Python Application Notes: set and frozenset

The sets module provides classes for constructing and manipulating unordered collections of unique elements but is deprecated since version 2.6 and is replaced by the build-in set and frozenset types.

1. sets, set and frozenset

The sets module provides classes for constructing and manipulating unordered collections of unique elements but is deprecated since version 2.6 and is replaced by the build-in set and frozenset types.

class set([iterable])    # Return a new set object whose elements are taken from iterable.
class frozenset([iterable])    # Return a new frozenset object whose elements are taken from iterable.

# The elements of a set must be hashable.
# To represent sets of sets, the inner sets must be frozenset objects. 

2. Basic operations

Instances of set and frozenset provide the following operations:

len(s)            # Return the cardinality of set s.

x in s            # Test x for membership in s.
x not in s        # Test x for non-membership in s.

isdisjoint(other) # Return True if the set has no elements in common with other. Sets are disjoint if and only if their intersection is the empty set.

issubset(other)    
set <= other     # Test whether every element in the set is in other.
set < other        # set <= other and set != other.

issuperset(other)
set >= other     # Test whether every element in other is in the set.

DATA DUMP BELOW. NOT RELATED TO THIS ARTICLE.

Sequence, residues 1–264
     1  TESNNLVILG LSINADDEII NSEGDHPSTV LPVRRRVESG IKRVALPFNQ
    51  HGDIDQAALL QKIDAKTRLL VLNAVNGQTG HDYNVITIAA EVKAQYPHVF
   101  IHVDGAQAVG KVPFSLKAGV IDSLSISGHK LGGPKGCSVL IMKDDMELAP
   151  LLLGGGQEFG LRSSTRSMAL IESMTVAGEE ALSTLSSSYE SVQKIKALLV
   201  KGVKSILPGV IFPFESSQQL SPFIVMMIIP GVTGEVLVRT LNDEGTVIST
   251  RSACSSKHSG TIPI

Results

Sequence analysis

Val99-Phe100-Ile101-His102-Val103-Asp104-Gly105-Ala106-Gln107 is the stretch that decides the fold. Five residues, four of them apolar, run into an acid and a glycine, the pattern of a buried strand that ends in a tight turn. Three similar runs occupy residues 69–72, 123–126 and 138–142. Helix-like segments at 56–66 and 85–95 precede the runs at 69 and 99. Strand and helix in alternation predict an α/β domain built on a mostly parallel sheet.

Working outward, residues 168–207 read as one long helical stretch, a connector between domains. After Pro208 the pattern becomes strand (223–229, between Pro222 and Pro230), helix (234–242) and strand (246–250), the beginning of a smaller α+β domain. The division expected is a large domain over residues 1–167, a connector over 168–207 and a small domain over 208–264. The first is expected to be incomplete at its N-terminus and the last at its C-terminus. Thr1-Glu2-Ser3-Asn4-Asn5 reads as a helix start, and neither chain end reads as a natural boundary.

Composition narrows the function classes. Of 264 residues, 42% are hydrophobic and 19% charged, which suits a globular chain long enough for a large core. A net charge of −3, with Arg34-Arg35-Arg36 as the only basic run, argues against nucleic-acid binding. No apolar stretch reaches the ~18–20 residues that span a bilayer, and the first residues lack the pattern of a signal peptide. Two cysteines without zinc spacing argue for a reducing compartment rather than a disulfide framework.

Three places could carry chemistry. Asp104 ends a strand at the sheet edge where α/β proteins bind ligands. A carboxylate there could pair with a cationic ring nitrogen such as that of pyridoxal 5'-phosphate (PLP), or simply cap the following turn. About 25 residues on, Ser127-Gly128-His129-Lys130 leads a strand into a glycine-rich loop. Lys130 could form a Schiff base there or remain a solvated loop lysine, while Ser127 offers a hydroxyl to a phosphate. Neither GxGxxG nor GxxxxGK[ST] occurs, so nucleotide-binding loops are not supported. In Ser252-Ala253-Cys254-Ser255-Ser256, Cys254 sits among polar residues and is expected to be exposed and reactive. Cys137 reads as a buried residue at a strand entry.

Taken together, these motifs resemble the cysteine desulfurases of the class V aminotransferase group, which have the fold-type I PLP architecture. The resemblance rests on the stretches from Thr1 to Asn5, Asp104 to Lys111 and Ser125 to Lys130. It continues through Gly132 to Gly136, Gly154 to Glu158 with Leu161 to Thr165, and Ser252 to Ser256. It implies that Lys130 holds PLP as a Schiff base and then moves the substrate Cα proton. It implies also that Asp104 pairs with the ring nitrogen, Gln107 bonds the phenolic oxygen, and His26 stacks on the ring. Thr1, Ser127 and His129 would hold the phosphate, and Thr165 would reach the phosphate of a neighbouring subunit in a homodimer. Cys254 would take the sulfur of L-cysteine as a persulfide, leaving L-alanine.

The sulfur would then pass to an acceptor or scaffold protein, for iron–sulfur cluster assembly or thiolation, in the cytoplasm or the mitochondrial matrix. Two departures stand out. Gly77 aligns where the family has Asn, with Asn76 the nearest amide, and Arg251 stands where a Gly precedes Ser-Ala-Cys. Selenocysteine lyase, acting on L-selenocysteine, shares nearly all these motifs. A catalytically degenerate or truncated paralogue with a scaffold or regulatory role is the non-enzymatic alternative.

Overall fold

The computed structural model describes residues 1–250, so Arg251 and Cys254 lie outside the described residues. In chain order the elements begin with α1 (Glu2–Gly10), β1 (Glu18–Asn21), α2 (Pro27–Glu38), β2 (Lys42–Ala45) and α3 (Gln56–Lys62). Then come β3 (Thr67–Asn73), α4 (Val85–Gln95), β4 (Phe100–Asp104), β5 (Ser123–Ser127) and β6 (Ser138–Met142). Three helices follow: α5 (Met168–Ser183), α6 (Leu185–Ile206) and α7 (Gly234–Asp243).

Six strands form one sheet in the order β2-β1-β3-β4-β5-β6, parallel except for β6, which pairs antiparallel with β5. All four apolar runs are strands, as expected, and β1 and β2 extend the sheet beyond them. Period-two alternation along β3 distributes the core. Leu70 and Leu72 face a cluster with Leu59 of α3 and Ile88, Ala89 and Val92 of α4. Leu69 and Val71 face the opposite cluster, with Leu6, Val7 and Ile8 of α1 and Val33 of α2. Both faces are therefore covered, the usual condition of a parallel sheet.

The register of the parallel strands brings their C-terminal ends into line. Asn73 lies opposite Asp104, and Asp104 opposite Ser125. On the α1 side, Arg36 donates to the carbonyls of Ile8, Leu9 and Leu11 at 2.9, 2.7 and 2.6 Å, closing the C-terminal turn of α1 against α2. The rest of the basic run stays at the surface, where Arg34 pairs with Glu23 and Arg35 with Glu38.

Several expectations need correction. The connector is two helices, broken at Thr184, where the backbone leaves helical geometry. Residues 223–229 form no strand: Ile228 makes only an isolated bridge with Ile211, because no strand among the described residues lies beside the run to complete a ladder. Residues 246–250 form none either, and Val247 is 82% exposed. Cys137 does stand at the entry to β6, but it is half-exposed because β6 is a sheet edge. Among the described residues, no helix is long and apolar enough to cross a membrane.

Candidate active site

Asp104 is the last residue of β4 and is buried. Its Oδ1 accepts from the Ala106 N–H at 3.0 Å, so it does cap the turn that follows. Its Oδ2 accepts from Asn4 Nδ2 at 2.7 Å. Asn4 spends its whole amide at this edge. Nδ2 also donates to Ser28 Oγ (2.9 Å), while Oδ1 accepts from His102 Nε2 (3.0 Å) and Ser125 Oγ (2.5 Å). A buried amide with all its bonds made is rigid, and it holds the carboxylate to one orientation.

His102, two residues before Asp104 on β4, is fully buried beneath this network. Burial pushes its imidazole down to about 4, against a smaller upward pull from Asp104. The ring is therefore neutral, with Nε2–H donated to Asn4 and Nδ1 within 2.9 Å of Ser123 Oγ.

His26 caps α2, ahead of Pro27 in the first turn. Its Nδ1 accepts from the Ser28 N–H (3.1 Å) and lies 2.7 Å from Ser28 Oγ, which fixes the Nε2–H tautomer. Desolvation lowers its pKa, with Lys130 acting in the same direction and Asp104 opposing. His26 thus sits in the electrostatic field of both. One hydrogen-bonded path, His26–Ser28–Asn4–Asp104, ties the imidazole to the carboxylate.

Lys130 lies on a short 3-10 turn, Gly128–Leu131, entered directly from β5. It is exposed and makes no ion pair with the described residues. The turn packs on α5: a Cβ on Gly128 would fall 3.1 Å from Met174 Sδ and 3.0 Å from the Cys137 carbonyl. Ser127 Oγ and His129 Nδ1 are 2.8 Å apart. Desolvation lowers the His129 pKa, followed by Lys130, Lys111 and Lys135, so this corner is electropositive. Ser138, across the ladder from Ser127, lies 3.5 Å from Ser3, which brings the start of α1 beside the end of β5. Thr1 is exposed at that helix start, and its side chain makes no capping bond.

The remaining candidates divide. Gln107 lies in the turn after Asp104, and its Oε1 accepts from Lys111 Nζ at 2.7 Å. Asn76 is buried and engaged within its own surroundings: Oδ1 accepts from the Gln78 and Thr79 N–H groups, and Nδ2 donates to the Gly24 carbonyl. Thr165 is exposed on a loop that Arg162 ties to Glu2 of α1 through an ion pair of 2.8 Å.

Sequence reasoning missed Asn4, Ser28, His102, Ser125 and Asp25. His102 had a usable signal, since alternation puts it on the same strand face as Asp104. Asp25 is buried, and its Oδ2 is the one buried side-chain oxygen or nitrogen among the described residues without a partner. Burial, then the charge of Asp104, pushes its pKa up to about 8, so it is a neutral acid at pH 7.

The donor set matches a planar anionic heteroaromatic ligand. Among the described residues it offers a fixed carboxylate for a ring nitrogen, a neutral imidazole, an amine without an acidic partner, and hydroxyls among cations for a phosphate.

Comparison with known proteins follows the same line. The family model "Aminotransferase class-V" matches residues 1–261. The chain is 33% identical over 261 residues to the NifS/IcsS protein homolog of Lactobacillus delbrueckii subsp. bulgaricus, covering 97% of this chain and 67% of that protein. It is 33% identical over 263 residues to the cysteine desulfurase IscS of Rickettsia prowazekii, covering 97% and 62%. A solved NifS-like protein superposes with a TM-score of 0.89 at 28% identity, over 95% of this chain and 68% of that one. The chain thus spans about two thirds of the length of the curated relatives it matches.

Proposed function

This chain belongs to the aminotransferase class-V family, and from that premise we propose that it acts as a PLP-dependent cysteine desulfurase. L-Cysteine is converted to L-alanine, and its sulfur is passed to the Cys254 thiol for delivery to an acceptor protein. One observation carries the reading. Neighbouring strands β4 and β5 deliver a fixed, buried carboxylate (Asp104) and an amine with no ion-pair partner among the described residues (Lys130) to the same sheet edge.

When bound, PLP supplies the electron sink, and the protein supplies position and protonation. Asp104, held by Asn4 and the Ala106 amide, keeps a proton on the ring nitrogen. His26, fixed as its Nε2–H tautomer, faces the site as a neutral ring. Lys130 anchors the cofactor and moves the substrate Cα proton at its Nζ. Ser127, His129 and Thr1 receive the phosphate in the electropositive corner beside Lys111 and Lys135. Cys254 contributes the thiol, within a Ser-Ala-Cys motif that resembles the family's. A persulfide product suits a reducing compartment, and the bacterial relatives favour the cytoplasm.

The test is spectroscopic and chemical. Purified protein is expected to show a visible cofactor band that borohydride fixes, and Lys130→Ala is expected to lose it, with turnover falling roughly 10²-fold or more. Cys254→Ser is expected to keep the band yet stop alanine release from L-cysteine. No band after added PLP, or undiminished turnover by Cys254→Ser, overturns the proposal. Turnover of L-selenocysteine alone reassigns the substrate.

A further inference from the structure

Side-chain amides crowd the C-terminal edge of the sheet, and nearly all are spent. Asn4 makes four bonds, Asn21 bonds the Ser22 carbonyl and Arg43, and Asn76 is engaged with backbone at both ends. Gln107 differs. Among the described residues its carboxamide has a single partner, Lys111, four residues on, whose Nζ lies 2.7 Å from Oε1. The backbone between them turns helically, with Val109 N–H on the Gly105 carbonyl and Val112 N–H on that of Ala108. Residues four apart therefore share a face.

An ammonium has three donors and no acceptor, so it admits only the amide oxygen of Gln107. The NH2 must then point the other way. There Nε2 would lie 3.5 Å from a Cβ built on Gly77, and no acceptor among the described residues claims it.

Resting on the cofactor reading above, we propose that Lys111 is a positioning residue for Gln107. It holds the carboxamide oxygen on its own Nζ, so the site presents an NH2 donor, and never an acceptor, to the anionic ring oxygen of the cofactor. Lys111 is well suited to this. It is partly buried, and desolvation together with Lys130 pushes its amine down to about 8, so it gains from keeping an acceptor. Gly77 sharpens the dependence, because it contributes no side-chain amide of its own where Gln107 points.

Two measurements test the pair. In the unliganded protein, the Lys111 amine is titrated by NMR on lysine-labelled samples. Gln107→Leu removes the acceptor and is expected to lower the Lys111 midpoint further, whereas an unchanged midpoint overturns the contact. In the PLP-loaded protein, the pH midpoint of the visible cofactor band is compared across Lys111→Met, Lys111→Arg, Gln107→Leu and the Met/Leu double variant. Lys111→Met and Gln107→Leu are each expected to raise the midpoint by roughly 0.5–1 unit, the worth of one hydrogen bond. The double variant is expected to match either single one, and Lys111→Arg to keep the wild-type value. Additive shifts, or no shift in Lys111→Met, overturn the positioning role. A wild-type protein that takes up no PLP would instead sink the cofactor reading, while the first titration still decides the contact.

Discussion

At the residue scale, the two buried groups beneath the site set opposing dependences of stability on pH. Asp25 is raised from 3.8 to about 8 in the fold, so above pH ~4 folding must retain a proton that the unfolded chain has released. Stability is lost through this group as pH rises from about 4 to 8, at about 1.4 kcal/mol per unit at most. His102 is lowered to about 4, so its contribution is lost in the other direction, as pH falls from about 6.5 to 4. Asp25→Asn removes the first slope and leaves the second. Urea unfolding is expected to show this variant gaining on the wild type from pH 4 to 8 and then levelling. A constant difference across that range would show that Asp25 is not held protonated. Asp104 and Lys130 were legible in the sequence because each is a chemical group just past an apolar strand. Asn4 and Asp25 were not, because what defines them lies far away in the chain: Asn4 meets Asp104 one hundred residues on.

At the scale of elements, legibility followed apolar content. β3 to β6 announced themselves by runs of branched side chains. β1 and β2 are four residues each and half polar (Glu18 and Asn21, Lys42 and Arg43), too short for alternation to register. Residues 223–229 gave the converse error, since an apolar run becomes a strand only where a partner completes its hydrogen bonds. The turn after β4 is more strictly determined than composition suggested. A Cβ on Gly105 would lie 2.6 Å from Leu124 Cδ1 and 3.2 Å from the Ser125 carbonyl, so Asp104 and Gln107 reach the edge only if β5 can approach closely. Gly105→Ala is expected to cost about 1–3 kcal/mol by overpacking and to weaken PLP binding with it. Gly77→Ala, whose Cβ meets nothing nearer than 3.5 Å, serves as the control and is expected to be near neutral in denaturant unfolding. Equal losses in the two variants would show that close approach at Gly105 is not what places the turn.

set > other        # set >= other and set != other.

union(other, ...)
set | other | ...    # Return a new set with elements from the set and all others.

intersection(other, ...)
set & other & ...    # Return a new set with elements common to the set and all others.

difference(other, ...)
set - other - ...    # Return a new set with elements in the set that are not in the others.

symmetric_difference(other)
set ^ other            # Return a new set with elements in either the set or other but not both.

copy()       # Return a new set with a shallow copy of s.

3. intersection of a list of sets

>>> list_sets = [set([1, 2, 3]), set([2, 3, 4]), set([3, 4, 5])]
>>> set.intersection(*list_sets)  # Note that set.intersection is different from set().intersection
set([3])

# BTW, convert a list of lists to a list of sets by:
list_sets = [set(row) for row in lists]

3. frozenset

The following table lists operations available for set that do not apply to immutable instances of frozenset:

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